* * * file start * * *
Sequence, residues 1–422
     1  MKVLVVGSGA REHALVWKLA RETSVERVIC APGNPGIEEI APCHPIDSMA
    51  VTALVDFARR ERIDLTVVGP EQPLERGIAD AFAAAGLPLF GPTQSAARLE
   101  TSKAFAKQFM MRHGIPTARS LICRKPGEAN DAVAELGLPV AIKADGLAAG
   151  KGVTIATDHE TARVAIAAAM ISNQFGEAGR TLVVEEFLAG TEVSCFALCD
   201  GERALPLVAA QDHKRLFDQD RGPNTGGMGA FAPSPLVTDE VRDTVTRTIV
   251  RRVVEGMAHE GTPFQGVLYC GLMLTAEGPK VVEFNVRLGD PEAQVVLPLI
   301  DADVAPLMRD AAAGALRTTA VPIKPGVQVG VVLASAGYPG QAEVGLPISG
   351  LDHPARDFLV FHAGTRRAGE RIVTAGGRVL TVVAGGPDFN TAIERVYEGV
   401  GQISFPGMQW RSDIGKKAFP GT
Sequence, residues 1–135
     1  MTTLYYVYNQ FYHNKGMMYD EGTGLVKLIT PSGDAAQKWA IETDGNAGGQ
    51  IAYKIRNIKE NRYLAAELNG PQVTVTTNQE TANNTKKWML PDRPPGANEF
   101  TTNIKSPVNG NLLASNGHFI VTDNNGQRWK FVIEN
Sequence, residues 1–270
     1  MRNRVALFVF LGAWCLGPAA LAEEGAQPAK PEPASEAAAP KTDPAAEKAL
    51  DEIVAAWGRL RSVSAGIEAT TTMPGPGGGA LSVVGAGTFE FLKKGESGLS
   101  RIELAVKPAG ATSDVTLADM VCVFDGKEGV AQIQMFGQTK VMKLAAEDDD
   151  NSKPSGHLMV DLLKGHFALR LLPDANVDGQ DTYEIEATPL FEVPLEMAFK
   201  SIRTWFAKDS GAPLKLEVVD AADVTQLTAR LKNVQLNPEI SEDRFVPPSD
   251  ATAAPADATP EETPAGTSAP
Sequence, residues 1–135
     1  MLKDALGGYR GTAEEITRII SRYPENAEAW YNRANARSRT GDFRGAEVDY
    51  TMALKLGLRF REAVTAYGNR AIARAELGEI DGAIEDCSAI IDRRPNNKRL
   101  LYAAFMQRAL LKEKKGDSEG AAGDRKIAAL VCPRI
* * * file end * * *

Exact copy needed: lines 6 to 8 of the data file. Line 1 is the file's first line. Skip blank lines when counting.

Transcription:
   201  GERALPLVAA QDHKRLFDQD RGPNTGGMGA FAPSPLVTDE VRDTVTRTIV
   251  RRVVEGMAHE GTPFQGVLYC GLMLTAEGPK VVEFNVRLGD PEAQVVLPLI
   301  DADVAPLMRD AAAGALRTTA VPIKPGVQVG VVLASAGYPG QAEVGLPISG